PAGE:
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The Speed of Light Paperback – 6 Aug 2007

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Product details

  • Paperback: 288 pages
  • Publisher: Bloomsbury Publishing PLC; New edition edition (6 Aug. 2007)
  • Language: English
  • ISBN-10: 0747585911
  • ISBN-13: 978-0747585916
  • Product Dimensions: 12.9 x 1.8 x 19.8 cm
  • Average Customer Review: 3.6 out of 5 stars  See all reviews (8 customer reviews)
  • Amazon Bestsellers Rank: 891,445 in Books (See Top 100 in Books)

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Product Description

Review

`A deeply affecting novel. A reflection on war, friendship,
success and failure ... Cercas's novel carries a powerful warning for the
war-hungry modern world' -- Scotland on Sunday

`Cercas's writing has echoes of Scott Fitzgerald, in the intense,
shining clarity of its emotion, and of Faulkner' -- Independent

`Presents his narrator's foibles in a lucid, supple prose,
well-matched to the novel's darker elements' -- Financial Times

`This is an intelligent, morally scrupulous book ... a pleasure to
read' -- Sunday Telegraph

`Written with intelligence and humour ... he is a major writer' -- Guardian

From the Publisher

From the bestselling author of Soldiers of Salamis, which is
an international bestseller and winner of the Independent Foreign Fiction
Prize 2005.

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Customer Reviews

3.6 out of 5 stars
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Most Helpful Customer Reviews

3 of 3 people found the following review helpful By Aidan J. McQuade on 13 Nov. 2010
Format: Paperback
The Speed of Light uses the same author-in-search-of-a-story device as Javier Cercas's previous novel Soldiers of Salamis. At its core the book is a meditation on how war breeds atrocity and the consequences of atrocity on the perpetrators - the murdered are barely mentioned and only fleetingly considered.

However while a gripping read it ultimately is significantly less satisfying a book than the author's earlier one about the Spanish Civil War. As one of the characters says to the narrator in The Speed of Light - "you can't understand because you haven't killed". And because the author - presumably not a killer either - does not understand he cannot explain. Instead he describes, recounts and tries to empathise. This is an honourable exercise, but it provides little insight to this subject. Furthermore the author's blurring of the distinction between himself and his protagonist leads, I found, to great difficulty in trusting the account itself and hence the insight the author offers.

Nevertheless the book is elegantly written and translated, and it is thought-provoking. Perhaps it will lead some to revisit actual histories of the Vietnam war, particularly Four Hours at My Lai, which deals much more directly and insightfully with the realities of war-crimes.
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2 of 2 people found the following review helpful By RachelWalker TOP 500 REVIEWER on 9 Nov. 2012
Format: Paperback
There are moments when this book has real power.

However, there are also moments where it's overwritten, the sentences overlong, the narrator's wanderings too ponderous... I absolutely HATE it when writers write about writers, without any panache, and that's definitely done here. The bits that fail most to convince are those where the narrator experiences success as a writer (what relevance has that to the story?) and the pretentious, earnest moments when he refers to "telling Rodney's story".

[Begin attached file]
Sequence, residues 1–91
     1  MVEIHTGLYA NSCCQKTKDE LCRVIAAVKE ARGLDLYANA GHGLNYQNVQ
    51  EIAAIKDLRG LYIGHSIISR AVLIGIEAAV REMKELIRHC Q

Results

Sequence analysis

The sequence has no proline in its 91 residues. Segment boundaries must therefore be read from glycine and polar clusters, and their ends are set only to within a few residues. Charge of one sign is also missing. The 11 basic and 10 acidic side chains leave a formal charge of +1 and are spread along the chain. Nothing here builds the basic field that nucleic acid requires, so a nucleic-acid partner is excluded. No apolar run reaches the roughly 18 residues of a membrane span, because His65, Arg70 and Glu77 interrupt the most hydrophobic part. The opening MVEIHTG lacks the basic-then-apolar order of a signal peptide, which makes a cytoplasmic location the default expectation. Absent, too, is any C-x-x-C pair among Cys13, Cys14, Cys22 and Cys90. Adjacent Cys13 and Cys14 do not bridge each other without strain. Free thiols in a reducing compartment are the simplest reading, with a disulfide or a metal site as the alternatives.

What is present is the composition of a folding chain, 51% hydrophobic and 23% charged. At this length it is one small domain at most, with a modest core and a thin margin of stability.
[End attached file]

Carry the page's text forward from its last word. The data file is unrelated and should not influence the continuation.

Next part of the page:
Overall, I'd say it's worth a read because there are some gorgeous passages here, and some really powerful stuff. There are bits that irritated me, and it is by no means a masterpiece, but it's decent enough for an afternoon when there are no better books lying around (faint praise, I know, but still true). It would be a much stronger, more powerful novella, but there we go. 6/10. Not a waste of time.
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1 of 1 people found the following review helpful By Sevillana on 22 April 2011
Format: Kindle Edition Verified Purchase
This is the second book I have read written by Javier Cercas, the first being Soldiers of Salamis, which book I was inspired to read by Sr Cercas' interview on the BBC World Book club. I was completely captivated by the narrative and could not put the book down for several days. The characterisation is very clever and the issue of heroes/wartime is so relevant today when we are sending our people to fight wars we dont comprehend ourselves. These two books certainly make one feel that a strong pacifist route is the one we should all take and this writer certainly knows how to question our own motives for war. Thank you Javier.
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1 of 1 people found the following review helpful By AndyH on 18 Jan. 2013
Format: Hardcover
This book was challenging in that once I'd invested time and effort into reading part of it, it was a challenge to finish it and not just give up. If you never start reading this book that would be the perfect remedy for this problem. I've rated this as okay, but why waste your time on something that is just OK. Find something better to read.
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